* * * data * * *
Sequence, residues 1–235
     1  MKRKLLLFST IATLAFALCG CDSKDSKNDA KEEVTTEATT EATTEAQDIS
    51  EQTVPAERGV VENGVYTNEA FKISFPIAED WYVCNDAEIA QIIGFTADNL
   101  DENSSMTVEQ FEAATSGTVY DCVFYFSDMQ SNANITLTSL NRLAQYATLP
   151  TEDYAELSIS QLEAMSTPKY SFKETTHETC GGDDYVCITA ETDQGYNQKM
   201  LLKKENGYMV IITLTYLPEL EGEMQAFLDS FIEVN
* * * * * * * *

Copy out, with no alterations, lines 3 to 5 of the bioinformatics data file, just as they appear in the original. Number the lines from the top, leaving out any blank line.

    51  EQTVPAERGV VENGVYTNEA FKISFPIAED WYVCNDAEIA QIIGFTADNL
   101  DENSSMTVEQ FEAATSGTVY DCVFYFSDMQ SNANITLTSL NRLAQYATLP
   151  TEDYAELSIS QLEAMSTPKY SFKETTHETC GGDDYVCITA ETDQGYNQKM